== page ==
Chapter 10

The term genome refers to the entire chromosomal DNA including the genes responsible for an organism. The proteome refers to all of the proteins responsible for an organism. Genes exert their influence directly through producing proteins or indirectly through regulating protein-coding genes. Each gene produces a unique protein, referred to as a polypeptide. Some proteins are made of two or more polypeptides and a significant proportion of genes use alternative splicing to produce more than one form of the same polypeptide. In addition to genes that encode proteins, there are genes that transcribe RNA without encoding protein. The human genome within each cell consists of approximately 3 billion bases in the form of 23 pairs of chromosomes of which 22 pairs are homologous (their sequences are similar) referred to as autosomes, and the remaining pair contain the sex chromosomes which, in the male, consists of X and Y and, in the female, two X chromosomes. Each chromosome is a long molecule made of DNA. DNA is comprised of only four bases: adenine (A), guanine (G), cytosine (C), and thymidine (T) (see Chap. 6). The sequence of these four bases determines all inherited characteristics. The average length of a chromosome is about 135,000,000 base pairs (bp). The longest chromosome, chromosome 1, has more than 250,000,000 bp. The smallest, chromosome 21, has only 50,000,000 bp. The 23 chromosomes together contain a total of 3 billion bp (Table 10–1). The chromosomes contain the genes which themselves are discrete units with a start and stop point and vary in size from 10,000 to more than 2,000,000 bp. The estimated average size of a gene is about 20,000 bp. Most genes encode RNA transcripts which exert their ultimate influence through regulating protein-coding genes but themselves do not code for a messenger RNA (mRNA) or protein. Only a minority of RNA transcripts encode proteins. The genes are nonrandomly distributed along chromosome into gene-rich and gene-poor regions. The ends of chromosome are referred to as telomeres. The centromeres are those regions of chromosome that attach to the mitotic apparatus during cell division. Both telomeres and centromeres are comparatively gene-poor regions. Embedded in the DNA sequence of each chromosome are genes that encode for proteins (2% of the DNA)1 and others which encode for all of the RNAs. Interspersed between the sequences coding for proteins and RNAs are sequences to which factors bind to regulate when and how much of a gene is transcribed into protein or RNA. These sequences are referred as regulatory DNA elements. The factors binding to these elements are proteins referred to as transcription factors. These proteins have specific DNA-binding sites enabling them to attach to the regulatory DNA element to exert their control over transcription.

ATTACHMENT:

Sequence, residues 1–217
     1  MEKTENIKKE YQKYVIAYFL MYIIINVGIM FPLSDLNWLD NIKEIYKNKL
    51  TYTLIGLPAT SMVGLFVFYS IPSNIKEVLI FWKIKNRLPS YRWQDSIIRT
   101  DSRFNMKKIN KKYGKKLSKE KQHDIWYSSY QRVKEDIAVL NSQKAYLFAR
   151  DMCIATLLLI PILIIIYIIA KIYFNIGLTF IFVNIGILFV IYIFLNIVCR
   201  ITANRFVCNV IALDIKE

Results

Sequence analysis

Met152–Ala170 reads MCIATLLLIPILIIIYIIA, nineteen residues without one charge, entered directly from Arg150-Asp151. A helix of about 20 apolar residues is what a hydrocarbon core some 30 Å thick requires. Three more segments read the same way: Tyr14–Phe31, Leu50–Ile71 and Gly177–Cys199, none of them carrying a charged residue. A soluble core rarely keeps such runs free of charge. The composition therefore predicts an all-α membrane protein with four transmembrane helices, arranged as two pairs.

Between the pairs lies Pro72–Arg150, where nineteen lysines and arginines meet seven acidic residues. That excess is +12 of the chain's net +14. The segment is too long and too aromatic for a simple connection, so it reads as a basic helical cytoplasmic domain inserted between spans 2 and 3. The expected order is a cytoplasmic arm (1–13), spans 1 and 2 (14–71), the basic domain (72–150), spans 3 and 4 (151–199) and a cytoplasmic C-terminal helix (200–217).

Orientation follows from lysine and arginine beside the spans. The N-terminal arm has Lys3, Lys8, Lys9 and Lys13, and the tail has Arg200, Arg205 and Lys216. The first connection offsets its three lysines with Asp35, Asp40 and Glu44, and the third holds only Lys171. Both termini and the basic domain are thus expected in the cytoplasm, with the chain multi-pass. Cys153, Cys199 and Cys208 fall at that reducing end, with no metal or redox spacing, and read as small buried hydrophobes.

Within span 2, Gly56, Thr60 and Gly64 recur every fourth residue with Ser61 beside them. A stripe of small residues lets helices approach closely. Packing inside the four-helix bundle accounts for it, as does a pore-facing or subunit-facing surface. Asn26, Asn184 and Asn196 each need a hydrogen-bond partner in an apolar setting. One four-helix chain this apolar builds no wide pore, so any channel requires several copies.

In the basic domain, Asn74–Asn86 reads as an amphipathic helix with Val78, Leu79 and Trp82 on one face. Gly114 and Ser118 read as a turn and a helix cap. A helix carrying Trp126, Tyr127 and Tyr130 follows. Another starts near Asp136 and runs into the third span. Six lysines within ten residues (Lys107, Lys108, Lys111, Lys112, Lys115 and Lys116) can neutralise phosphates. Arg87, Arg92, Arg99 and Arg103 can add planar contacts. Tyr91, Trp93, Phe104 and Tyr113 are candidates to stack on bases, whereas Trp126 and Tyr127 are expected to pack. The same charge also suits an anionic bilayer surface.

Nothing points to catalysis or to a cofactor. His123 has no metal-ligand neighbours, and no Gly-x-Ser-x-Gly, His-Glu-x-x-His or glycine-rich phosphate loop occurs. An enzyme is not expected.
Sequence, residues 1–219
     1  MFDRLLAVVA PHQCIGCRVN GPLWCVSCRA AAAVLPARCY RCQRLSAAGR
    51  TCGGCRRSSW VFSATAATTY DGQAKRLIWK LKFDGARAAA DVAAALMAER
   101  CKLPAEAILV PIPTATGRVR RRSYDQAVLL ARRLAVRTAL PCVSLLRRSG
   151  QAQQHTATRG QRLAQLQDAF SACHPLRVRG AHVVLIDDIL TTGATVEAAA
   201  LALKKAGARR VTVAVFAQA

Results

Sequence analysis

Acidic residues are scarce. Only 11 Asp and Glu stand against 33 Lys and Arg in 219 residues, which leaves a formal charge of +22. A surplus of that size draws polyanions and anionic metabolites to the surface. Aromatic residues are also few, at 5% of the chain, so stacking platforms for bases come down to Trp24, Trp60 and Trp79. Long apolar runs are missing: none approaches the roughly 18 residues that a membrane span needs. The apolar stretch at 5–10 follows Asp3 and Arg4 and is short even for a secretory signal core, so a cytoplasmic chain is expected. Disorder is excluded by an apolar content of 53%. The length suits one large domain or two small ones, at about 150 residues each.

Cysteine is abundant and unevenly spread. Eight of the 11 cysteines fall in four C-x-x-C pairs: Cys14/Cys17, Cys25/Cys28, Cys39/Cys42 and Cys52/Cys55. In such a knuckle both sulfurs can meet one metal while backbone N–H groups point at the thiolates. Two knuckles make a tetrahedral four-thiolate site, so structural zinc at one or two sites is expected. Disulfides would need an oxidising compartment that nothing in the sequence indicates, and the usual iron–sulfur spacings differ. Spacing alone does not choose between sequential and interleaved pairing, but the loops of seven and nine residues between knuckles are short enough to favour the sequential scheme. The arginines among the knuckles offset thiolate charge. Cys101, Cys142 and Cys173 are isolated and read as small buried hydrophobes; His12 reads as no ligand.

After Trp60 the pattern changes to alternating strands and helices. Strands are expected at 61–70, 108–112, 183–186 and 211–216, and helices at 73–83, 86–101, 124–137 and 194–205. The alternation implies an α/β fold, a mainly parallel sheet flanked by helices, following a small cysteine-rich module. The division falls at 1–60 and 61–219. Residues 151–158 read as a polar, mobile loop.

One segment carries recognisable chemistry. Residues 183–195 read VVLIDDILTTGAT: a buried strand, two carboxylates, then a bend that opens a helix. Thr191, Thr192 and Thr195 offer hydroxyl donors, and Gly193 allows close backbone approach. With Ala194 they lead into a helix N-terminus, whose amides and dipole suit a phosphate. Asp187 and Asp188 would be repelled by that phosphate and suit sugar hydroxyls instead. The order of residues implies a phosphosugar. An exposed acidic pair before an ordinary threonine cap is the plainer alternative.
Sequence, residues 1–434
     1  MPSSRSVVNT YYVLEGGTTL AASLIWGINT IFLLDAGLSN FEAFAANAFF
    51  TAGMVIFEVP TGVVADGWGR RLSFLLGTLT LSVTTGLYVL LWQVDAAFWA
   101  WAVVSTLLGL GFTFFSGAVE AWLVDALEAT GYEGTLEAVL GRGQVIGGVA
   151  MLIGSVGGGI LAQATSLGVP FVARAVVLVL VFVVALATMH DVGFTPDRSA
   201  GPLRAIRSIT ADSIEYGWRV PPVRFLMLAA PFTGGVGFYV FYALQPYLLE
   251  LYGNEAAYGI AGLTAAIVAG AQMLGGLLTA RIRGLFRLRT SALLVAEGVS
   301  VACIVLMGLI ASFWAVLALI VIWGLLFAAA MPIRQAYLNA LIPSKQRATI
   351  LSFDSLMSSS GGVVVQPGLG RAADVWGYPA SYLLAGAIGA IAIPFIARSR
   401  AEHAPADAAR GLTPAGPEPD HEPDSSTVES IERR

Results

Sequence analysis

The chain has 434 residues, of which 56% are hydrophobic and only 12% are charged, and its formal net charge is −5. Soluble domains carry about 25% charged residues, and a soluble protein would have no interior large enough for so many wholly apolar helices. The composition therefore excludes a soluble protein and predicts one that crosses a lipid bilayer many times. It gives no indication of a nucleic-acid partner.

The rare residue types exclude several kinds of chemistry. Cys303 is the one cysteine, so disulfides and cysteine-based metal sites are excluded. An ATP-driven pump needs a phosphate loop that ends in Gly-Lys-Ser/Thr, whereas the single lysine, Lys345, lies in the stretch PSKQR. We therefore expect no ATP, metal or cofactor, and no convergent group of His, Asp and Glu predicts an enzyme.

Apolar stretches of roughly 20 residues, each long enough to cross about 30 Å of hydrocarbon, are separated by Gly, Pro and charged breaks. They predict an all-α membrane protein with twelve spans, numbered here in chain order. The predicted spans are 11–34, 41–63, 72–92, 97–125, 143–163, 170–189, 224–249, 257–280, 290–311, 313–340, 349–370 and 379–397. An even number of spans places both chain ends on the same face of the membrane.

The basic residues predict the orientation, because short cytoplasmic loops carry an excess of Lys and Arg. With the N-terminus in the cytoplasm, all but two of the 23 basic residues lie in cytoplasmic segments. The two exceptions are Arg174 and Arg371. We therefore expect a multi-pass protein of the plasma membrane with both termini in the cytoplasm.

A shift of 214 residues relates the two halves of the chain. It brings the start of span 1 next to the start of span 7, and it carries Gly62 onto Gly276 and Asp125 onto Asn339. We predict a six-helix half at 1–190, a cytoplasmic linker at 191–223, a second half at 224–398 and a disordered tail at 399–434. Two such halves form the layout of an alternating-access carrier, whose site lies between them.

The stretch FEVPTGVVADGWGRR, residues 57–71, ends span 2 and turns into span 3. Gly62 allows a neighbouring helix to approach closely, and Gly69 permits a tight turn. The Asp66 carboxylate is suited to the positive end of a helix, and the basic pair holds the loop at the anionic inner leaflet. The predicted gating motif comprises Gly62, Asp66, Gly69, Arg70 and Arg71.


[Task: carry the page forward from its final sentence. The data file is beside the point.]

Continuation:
TABLE 10–1. The Human Genome

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